Tuesday, May 12, 2009

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Oh, fer Feck’s Sake: Scott Beattie’s Artisanal Cocktails

Those of you in the San Francisco Bay area this week are in for a treat. Like Martin Cate before him, Scott Beattie, author of Artisanal Cocktails, will be tending bar as a guest at Bourbon and Branch this Thursday and Friday (May 14-15). Go if you can. The man is doing something truly special.

Those of you not in the Bay area—well, you can just suck it.

Missouri? Suck it. North Carolina? Suck it. Mississippi? Iowa? Nebraska? Maine? Suck it. Even New Orleans, with one of the most vibrant cocktail scenes in the world, you know what to do. In more ways than one, you can’t make it.

Beattie’s subtitleDrinks Inspired by the Seasons from the Bar at Cyrus—belies the real inspiration here. This is undeniably a book rooted in California’s bountiful wine country. The drinks—beauties, each and every one—call for fresh produce, brilliant edible flowers, top-shelf liquors from craft distillers, esoteric essential oils, and fresh herbs to such a degree that cocktail enthusiasts outside that organic heirloom microcosm might feel themselves just…taunted.

There are foams and homemade pickles, amaranth spears and bamboo springs, tomatoes, watermelon cubes, celery root threads—garnishes that make the orchids on our home bar seem downright pedestrian. Some of his cocktails are so freighted with produce that they become as much conversation pieces as refreshment. Straw? Fork? Camera? Peterson’s Field Guide to North American Wildflowers? What do I reach for here?

Unlike Beattie, who grew up in Northern California with its vibrant foodie culture, I’m from the Midwest. You know, the place where the citrus is waxed, the hearts of palm canned, and the shiso is…wait, the what? Might as well call for moon rocks and muddled hen’s teeth.

Seriously, this isn’t a recipe book. This is cocktail porn. If you enjoy cocktails to begin with but also revel in the inherent escapism of National Geographic magazine or the Travel Channel, then you may get a serious kick out of Artisan Cocktails.

Hats off to Sara Remington for her gorgeous photography—lots of bokeh beads of condensation glimmering on glasses, Technicolor blossoms, and cocktails that resemble table centerpieces more than something you’d actually drink.

If you’re at all into cocktails, check out the book. It’s not like others you may own. But as a practical manual for mixologists outside northern California, it’s best viewed as inspiration for using your own local produce and resources to make amazing cocktails. How so? Well, if you intend to make each drink in the book, you’ll need (this is just a partial list);
  • 500 micrograms of B12 powder
  • kefir lime leaves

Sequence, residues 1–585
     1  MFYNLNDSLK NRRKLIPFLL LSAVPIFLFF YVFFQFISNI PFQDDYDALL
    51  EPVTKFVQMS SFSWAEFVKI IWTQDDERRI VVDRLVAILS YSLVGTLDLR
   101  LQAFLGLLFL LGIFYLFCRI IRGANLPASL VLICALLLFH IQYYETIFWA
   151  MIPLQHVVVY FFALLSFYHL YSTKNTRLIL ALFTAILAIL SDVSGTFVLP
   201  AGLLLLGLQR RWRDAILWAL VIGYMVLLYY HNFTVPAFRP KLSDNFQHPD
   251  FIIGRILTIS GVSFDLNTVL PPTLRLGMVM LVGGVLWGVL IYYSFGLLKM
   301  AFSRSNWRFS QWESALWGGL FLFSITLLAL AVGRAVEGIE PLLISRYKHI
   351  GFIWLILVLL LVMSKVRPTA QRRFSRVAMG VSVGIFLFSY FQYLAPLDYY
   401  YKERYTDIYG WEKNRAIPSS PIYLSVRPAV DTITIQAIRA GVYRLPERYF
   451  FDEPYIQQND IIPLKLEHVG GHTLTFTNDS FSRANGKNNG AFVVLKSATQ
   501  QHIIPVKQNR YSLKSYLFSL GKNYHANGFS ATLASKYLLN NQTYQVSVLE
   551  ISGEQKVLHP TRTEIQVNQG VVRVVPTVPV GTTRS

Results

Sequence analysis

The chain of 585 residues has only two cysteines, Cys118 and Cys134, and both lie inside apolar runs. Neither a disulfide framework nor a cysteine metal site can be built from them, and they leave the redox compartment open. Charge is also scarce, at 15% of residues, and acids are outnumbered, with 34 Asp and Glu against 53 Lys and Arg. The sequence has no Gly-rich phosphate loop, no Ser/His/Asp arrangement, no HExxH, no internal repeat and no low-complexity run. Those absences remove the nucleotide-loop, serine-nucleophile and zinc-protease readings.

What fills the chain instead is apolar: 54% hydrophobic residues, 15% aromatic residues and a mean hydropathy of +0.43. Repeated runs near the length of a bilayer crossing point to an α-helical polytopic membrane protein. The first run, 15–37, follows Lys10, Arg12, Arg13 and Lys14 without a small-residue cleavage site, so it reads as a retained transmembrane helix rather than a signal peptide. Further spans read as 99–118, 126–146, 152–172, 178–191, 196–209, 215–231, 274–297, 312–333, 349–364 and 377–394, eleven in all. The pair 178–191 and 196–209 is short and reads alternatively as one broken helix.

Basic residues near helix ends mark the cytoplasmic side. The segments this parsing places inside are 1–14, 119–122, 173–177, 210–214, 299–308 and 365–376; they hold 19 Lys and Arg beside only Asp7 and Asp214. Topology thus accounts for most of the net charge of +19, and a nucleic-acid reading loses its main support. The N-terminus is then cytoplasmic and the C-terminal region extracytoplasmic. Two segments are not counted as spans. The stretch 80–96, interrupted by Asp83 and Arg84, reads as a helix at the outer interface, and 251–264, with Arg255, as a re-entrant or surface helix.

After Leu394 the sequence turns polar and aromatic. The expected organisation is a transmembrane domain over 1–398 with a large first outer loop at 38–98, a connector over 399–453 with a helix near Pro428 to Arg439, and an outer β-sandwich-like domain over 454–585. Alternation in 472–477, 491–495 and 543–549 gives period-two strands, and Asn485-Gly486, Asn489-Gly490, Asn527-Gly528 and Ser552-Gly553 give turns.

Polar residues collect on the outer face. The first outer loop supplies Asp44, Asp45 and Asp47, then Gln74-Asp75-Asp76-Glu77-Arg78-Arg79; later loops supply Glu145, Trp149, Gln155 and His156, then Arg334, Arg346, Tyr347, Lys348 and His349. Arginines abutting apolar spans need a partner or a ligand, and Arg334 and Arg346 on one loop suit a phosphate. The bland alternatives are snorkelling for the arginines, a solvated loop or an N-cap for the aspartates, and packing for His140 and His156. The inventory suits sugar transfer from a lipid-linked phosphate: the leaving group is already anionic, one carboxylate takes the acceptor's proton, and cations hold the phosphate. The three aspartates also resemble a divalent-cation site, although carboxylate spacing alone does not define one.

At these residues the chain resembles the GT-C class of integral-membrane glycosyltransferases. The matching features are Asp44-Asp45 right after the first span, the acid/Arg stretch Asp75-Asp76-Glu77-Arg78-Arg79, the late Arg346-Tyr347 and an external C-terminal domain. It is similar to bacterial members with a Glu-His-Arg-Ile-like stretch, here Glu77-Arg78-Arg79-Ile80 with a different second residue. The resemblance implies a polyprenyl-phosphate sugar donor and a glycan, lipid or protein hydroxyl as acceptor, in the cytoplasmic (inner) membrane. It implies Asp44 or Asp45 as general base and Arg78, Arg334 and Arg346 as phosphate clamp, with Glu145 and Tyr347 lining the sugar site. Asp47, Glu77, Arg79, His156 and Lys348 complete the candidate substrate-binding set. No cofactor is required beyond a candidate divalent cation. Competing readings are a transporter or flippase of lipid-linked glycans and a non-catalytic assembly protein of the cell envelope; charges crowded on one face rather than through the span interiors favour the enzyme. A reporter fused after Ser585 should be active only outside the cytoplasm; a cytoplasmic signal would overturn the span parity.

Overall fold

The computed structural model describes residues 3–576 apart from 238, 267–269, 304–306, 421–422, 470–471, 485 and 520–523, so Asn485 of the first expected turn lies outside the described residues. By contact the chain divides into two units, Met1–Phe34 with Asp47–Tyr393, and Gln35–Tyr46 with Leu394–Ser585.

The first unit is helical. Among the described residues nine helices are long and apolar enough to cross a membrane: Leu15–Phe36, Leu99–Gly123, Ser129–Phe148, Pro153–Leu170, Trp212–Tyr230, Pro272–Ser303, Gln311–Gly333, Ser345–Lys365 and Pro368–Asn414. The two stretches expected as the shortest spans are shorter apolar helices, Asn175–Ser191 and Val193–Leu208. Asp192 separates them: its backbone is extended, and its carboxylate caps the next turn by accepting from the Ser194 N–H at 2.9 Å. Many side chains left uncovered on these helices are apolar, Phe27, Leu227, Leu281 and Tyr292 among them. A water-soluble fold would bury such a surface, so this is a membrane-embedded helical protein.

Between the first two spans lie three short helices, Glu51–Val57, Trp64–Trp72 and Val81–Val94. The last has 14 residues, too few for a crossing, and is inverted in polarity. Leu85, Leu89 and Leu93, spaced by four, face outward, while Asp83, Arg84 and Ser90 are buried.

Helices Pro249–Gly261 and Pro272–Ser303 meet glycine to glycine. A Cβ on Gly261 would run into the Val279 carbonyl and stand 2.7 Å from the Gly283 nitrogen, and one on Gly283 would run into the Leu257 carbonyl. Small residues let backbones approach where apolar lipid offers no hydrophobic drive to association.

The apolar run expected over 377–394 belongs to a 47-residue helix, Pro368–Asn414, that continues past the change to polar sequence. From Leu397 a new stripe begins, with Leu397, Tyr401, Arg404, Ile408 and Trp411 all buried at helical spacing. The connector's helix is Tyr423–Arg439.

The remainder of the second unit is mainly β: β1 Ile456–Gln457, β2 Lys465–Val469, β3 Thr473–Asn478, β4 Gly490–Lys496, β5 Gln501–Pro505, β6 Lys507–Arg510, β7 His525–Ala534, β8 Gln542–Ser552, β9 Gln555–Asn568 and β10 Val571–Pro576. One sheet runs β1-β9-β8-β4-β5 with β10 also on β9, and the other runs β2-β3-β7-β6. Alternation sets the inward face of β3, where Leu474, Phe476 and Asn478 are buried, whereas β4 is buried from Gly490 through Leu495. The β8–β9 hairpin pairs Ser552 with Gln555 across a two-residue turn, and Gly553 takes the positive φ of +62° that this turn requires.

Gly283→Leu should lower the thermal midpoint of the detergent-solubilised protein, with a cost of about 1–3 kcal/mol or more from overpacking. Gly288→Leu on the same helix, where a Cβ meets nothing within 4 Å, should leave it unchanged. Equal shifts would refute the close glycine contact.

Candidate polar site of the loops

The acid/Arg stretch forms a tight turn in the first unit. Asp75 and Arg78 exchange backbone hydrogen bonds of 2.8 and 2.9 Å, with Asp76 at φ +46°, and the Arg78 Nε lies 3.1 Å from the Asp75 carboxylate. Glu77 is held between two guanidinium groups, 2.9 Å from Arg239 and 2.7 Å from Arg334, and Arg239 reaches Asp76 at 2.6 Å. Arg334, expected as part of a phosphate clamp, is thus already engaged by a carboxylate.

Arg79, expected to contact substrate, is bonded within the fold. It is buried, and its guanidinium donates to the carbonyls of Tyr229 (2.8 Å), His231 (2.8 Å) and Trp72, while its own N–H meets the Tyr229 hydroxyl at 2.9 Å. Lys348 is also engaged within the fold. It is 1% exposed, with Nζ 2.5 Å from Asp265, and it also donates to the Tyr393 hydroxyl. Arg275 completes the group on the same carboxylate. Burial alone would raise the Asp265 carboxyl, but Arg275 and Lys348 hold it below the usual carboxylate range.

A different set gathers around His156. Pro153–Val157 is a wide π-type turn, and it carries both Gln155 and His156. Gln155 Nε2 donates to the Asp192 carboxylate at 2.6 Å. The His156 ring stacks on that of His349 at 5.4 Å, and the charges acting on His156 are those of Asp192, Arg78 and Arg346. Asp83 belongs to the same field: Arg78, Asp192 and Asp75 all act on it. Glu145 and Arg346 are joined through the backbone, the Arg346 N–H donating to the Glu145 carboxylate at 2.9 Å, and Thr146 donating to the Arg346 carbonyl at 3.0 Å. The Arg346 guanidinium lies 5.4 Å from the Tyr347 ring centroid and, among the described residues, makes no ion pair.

• lotus root
  • rosemary blossoms (the little purple flowers, not the leaves)
  • fresh hearts of palm
  • pickled fennel
  • black sea salt
  • red sea salt
  • verjuice
  • anise hyssop leaves
  • fennel fronds
  • fenugreek
  • candied rhubarb
  • bamboo sprigs
  • lemongrass (for candying)
  • sunflower petals in chiffonade
  • yuzu juice
  • dehydrated peach chips
  • jasmine blossoms
  • heirloom tomato water
  • pickled celery root threads
  • powered vitamin C
So, you’re in Kansas City, Wilkes-Barre, Des Moines, or Tupelo. Unless you’re willing to pay extraordinary shipping charges, there are some drinks here you just can’t make. But you can follow Beattie’s lead and make cocktails that are so rooted in your hometown that anyone tasting it would know exactly where it came from.

Get to know your florist. Become a regular at your farmers’ market. Suss out the local liquor in your area. Got recent immigrants in your hometown? Find out where they shop and begin learning their flavors. Start a garden to supply your bar with the garnishes you want to use. Cooks do it, why not bartenders and cocktail enthusiasts?

Say you’re in Western North Carolina. The nearest lotus root is in Atlanta. Skip that drink. Maybe try a bloody mary with local heirloom tomatoes, pickled ramps, and, what the hell, a rim of coarsely powdered pork rinds. If you’ve got respectable moonshine, ditch the vodka and go all-local. You get the idea.

I’m not likely to make recipes exactly as presented in Beattie’s book, but it’s got me wondering what, other than margaritas and micheladas, San Diego cocktails might become. I haven’t put the thing away in three weeks.

Scott Beattie (2008)
Artisanal Cocktails: Drinks Inspired by the Seasons from the Bar at Cyrus.
Ten Speed Press
ISBN: 1580089216

Order here from Beattie's website.


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